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Home Ownership

Should I Pay My Mortgage Off Early?

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    • FNBO

      Jul 08 2020

Should I Pay My Mortgage Off Early?

Benjamin Franklin once said, “Rather to go to bed without dinner than to rise in debt.”

We don’t mean to disagree with Mr. Franklin, but living debt free today isn’t always the right approach for every situation. In fact, if you’re thinking about paying off your mortgage early to get out of debt, keep reading for a few factors you should consider first.

 Is it Better to Pay Off Mortgage or Save Money?

Maybe you’ve just come into a windfall or perhaps you’re thinking about cashing out another asset to pay off your mortgage. You might want to hold the phone on that call to your mortgage holder.

First, consider how you plan to pay off your debt. Using liquid assets, such as an emergency savings, is rarely a good idea. For one thing, you’ll be turning that liquid asset into an illiquid asset.

That means the money is no longer readily accessible for emergencies. In order to gain access to funds you’ve used to pay off your mortgage, you’ll have to take out another loan, possibly at a higher interest rate than your original mortgage or even have to refinance your home, and lo and behold—you’ve got a mortgage again!

Keep Your Whole Financial Plan in Mind

Any decision about your mortgage should take your entire financial picture into account. If you currently owe on high interest debts, such as credit cards, you’d be doing yourself a disservice by paying off your mortgage first. Take the money and pay down your higher interest debts first before contributing any of your funds toward paying off your mortgage early.

Before you make a decision like this it’s a good idea to discuss it with your financial advisor. He or she can help you evaluate the short- and long-term benefits of such an important decision for your situation.

3 Ways You Can Pay Off Your Mortgage Faster

Refinance to a Lower Interest Rate

What is the interest rate of your current mortgage?  If market rates are lower than the interest you are paying, it might make more sense to reduce the monthly payment of your mortgage by refinancing to a lower rate.

Shorten the Term Length of Your Mortgage

A 30 year mortgage, for example, can be refinanced to a 15 year mortgage, reducing the length of time it takes to pay off your home loan. This could have the added bonus of decreasing your interest rate but it may increase your monthly payment, If you can budget for that increase, you can drastically cut the time it takes to officially own your house.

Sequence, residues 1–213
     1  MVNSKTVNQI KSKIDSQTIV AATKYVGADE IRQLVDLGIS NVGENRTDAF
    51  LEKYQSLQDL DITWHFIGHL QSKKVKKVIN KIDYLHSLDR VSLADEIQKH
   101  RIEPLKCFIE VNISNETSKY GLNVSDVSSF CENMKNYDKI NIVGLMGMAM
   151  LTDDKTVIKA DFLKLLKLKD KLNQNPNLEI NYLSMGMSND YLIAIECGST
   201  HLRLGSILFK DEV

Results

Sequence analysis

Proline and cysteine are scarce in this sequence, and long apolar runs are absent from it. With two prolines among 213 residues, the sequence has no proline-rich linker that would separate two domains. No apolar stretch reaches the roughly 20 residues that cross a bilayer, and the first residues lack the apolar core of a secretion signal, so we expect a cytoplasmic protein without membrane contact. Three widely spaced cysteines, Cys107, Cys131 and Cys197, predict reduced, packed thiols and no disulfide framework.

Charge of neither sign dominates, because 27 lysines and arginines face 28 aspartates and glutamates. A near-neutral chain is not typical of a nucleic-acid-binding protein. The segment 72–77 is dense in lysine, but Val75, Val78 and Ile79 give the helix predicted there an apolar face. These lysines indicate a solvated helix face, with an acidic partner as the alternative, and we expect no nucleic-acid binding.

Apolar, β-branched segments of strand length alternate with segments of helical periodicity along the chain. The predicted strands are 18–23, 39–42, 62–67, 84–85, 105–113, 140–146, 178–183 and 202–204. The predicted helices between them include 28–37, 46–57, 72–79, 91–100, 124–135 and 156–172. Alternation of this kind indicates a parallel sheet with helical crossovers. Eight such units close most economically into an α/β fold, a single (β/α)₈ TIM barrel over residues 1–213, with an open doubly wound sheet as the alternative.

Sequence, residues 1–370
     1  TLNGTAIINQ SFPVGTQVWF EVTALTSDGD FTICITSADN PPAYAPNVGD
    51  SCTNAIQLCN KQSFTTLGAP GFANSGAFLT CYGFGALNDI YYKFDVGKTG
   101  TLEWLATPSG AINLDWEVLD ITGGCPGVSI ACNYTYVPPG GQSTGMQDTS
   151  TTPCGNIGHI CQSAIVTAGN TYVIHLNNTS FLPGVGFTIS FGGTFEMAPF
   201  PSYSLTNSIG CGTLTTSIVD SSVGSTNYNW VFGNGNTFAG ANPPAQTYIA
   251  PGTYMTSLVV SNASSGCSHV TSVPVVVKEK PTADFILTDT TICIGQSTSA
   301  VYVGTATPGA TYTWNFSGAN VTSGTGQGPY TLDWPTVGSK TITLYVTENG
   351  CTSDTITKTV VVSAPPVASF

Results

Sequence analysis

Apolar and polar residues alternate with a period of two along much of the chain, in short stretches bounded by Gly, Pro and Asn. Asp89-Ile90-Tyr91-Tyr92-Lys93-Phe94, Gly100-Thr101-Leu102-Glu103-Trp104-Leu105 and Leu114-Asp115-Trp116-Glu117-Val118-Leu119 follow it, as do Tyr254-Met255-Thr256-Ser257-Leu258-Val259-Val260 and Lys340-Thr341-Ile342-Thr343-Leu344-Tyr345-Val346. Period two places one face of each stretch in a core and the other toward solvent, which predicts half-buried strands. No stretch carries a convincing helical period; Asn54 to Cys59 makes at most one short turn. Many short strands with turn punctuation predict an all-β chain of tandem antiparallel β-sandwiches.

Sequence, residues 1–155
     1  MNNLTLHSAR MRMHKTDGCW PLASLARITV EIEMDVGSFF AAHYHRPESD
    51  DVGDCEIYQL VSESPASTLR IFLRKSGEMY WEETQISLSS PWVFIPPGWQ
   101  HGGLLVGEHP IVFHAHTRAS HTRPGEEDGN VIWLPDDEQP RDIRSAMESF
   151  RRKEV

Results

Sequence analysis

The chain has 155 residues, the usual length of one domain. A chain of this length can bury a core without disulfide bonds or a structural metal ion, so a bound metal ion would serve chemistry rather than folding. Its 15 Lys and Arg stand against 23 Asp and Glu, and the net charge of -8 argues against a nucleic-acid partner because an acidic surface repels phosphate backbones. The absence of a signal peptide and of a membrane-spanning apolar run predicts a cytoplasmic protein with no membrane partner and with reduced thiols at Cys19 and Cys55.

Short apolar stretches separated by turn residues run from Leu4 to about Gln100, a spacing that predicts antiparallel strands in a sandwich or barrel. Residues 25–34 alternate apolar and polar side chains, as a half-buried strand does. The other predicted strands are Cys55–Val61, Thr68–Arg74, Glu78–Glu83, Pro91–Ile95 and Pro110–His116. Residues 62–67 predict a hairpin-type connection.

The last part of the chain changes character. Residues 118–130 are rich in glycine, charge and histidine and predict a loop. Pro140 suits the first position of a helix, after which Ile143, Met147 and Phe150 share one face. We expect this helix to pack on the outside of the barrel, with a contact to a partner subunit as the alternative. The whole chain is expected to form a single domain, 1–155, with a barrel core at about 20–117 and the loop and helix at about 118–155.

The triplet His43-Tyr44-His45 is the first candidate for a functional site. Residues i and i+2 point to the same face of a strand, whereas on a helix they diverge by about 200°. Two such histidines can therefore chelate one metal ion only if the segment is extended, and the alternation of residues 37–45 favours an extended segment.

Make One Extra Mortgage Payment a Year

If you have a financial plan in place, are actively funding your savings as well as retirement, and don’t have credit card debt, it isn’t a bad idea to think about paying off your mortgage early. However, you don’t have to do it all in one large sum. Instead, consider making extra payments over the life of the loan.

If you can make the equivalent of one extra mortgage payment a year, you’ll reduce the length of your loan by up to 5 years and save yourself a lot of money on interest.  See how much you can save with our Mortgage Payoff Calculator.

Here are 3 things to keep in mind when making extra payments toward your mortgage debt:

First, the sooner you start making extra payments, the better. As long as you are applying additional funds toward principal, you’ll be reducing your mortgage debt.

The principal is how much you borrowed to pay for your home. Each time you make an extra payment on principal, you’re reducing the amount you have borrowed, thereby also decreasing the total amount of interest you’ll pay over the life of your mortgage.

Lastly, if you’re nearing the end of your loan or paying off a lump sum early, you’ll need to speak with your lender regarding the final payoff amount. Your lender will assess interest up to the pay-off date. They will let you know the balance of your final payment and how to make that payment so that it gets to the right place on time.

What Happens After I Pay off My Mortgage?

After you remit your final payment, it could take several months to receive the deed to your property, because it is released not by the bank, but rather the county in which the property is located.

You are now responsible for paying all property taxes and insurance for the duration of home ownership. This can easily be forgotten if your lender has held tax and insurance in escrow while you were making those mortgage payments.

While living free of mortgage debt may sound like a good way to secure your residence and prepare you and your family for a sound financial future, it might not be the right move. If you have questions about your finances, be sure to discuss them with your financial advisor or even your loan officer before paying off your mortgage. They have years of knowledge and experience and are an excellent resource for these all-important life-decisions.

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The articles in this blog are for informational purposes only and not intended to provide specific advice or recommendations. When making decisions about your financial situation, consult a financial professional for advice. Articles are not regularly updated, and information may become outdated.